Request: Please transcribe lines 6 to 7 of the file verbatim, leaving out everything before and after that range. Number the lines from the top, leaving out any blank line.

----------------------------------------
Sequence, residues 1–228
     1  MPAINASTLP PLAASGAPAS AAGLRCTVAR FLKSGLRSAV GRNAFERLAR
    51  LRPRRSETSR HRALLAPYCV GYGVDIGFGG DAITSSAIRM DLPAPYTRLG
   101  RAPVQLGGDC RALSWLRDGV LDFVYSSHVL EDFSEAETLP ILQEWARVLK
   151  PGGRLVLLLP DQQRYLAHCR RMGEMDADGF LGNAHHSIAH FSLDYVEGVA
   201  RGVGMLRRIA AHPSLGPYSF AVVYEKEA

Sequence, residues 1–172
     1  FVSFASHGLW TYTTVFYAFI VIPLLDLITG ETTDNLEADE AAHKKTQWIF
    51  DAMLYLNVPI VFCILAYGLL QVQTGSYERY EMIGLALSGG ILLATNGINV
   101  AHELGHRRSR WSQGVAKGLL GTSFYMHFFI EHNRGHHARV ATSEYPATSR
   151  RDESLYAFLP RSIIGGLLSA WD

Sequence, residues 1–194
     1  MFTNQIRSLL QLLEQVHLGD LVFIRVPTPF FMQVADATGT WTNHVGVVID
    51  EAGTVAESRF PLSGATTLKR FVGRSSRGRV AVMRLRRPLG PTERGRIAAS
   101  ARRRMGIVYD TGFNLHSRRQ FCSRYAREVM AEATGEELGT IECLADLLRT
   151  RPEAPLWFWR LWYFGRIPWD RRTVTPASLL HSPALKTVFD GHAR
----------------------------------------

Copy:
   201  RGVGMLRRIA AHPSLGPYSF AVVYEKEA

Sequence, residues 1–172